Definition. A set S of relative keys is transitive if for any relative key (Q1, (Q1',S1)) S there is a key (e, (Q2',S2)) S which precedes (Q1, (Q1',S1)).

As an example, this set of keys is transitive:
(e, (, {name}))
(, (chapter, {number}))

This set is not:
(e, (, {name}))
(, (verse, {number}))

Any transitive set of relative keys must contain some absolute key.

Updatable relative keys. Consider the following (transitive) key specification:

(e, (university, {name}))
(university, (dept.employee, {emp-id}))

To identify an employee node in this database, we need only to specify a university name and an emp-id within that university. However, to add a new employee to the database, we clearly need to specify a department for the employee. However, although this key specification is transitive, there is no way to identify a department and hence there could be many ways to add an employee. This motivates our final definition of updatability as shown below: With updatability, one can always insert an element in the "keyed" part of the document unambiguously by specifying where to insert the element using keys.

Definition. A set S of relative keys is updatable if it is transitive and whenever (Q1, (Q2.n,S1)) S there is a relative key (Q1, (Q2,S2)) S where |Q2|>0. Here n is a node name.

Informally, this definition gives us the property that every element with a prefix along the path Q1.Q2 can be identified through some keys. Therefore, it is easy to see that the addition of the following key will make the previous example updatable. In particular, to insert an employee, we now can specify which department they are in (in addition to the university).
(university, (dept, {dept-name}))

Even though we can now add new employees, there is still something anomalous: Although employees are nested under departments, nothing about the department is necessary to identify them. This is reminiscent of the anomalies that occur in non-second normal form of relational databases. There is something wrong with the design of this document in that employees should not be children of department nodes, but only of university nodes. The linkage between employees and departments should be expressed through a foreign key. Formalizing the concept of a well-designed document with respect to its key specification is beyond the scope of this paper.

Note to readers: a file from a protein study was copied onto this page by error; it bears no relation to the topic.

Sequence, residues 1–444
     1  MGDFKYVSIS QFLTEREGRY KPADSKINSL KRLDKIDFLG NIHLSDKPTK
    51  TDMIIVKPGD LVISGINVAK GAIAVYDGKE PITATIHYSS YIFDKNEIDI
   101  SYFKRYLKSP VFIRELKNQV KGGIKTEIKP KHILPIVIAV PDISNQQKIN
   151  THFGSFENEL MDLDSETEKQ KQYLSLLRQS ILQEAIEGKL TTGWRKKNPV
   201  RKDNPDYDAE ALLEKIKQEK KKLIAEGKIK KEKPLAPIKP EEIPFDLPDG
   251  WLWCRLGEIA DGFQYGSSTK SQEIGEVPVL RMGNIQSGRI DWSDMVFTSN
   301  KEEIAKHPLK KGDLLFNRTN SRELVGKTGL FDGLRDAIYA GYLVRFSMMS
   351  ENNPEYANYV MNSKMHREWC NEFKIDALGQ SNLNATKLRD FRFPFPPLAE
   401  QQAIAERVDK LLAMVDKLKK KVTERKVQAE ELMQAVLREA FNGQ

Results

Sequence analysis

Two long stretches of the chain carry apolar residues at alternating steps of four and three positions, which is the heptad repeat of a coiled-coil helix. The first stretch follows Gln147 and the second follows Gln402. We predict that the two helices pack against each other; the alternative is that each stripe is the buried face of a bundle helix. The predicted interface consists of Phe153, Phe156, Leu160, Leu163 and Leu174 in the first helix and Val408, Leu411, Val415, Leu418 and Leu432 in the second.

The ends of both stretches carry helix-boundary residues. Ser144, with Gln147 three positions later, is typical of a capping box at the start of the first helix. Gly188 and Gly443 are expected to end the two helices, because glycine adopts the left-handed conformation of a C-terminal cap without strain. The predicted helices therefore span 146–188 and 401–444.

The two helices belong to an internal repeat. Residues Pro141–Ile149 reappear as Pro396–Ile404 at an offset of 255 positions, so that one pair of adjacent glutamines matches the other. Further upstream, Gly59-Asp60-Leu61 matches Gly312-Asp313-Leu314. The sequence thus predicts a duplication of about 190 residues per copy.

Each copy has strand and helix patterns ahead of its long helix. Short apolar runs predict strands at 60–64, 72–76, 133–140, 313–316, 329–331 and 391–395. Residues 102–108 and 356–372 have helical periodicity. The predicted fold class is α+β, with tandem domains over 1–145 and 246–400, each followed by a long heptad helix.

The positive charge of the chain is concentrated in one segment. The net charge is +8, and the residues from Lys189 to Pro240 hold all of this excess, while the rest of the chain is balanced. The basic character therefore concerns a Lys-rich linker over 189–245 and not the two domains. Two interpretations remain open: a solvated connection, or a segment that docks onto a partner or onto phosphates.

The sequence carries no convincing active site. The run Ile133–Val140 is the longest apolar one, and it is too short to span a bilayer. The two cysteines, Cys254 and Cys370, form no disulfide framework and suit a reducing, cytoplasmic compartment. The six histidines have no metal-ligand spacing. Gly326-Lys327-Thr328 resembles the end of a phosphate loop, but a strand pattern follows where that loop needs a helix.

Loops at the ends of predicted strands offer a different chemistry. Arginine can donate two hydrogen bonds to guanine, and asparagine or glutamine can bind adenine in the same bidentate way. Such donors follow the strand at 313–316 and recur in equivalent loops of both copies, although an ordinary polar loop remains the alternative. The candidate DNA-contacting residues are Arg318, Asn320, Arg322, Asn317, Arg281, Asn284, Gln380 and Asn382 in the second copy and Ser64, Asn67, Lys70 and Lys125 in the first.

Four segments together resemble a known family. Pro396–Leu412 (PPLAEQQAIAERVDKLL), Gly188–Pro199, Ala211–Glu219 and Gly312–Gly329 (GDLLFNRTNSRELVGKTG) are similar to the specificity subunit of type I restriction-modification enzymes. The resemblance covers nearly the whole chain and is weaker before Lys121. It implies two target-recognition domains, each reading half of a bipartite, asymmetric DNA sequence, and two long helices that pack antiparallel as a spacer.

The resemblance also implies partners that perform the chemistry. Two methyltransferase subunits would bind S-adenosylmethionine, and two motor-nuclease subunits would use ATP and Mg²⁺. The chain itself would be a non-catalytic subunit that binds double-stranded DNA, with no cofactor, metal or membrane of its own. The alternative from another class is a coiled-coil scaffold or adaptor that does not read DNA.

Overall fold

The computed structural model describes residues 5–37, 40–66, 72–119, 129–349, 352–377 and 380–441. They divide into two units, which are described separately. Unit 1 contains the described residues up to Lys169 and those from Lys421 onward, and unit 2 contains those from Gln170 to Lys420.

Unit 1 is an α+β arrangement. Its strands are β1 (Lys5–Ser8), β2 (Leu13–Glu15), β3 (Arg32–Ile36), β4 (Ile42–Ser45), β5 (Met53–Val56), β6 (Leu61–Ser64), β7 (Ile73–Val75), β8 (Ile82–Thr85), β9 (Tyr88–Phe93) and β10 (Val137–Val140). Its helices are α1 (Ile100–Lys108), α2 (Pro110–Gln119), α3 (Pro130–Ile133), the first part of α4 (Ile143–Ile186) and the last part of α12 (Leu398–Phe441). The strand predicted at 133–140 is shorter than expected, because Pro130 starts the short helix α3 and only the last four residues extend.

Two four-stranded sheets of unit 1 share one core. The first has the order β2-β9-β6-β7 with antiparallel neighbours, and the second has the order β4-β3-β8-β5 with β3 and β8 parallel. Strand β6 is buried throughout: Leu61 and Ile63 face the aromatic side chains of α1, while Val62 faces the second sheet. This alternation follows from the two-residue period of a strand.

6.1   A notation for relative keys

If a system of relative keys is transitive, it forms a hierarchical structure. We can therefore create a compressed syntax for such systems. The basic syntactic form is
}. ... .Qn{P
This describes a system of relative keys: a relative key (Q1. ... .Qi-1, (Qi,{P1i,...,Pkii})) is defined for each i, 1 i n. It should be noted that the first of these is of the form (e, (Q1,{P11,...,Pk11})) and is a key.

For example

specifies the updatable system of keys:
(e, (bible,{}))
(bible, (book, {name}))
(, (chapter, {number}))
(, (verse, {number}))

So far the key hierarchies we have specified are linear. Consider the following two specifications:


It is helpful to fold these into a single specification:

company{name}[.employee{id}, .department{name}]

This is simply a syntactic shorthand: R[R1,...,Rn] for RR1, ..., RRn. As a further example, consider

university{name}.school[{name}, .department[{name}, .student{id}]]

This is another example of a transitive set of relative keys. It is worthwhile to remark again that for identifying student nodes, one does not need to be aware of which school the student belongs to. However, to insert a new student into the document, one needs specify under which school (in addition to which university) to insert the student element so as to avoid ambiguity.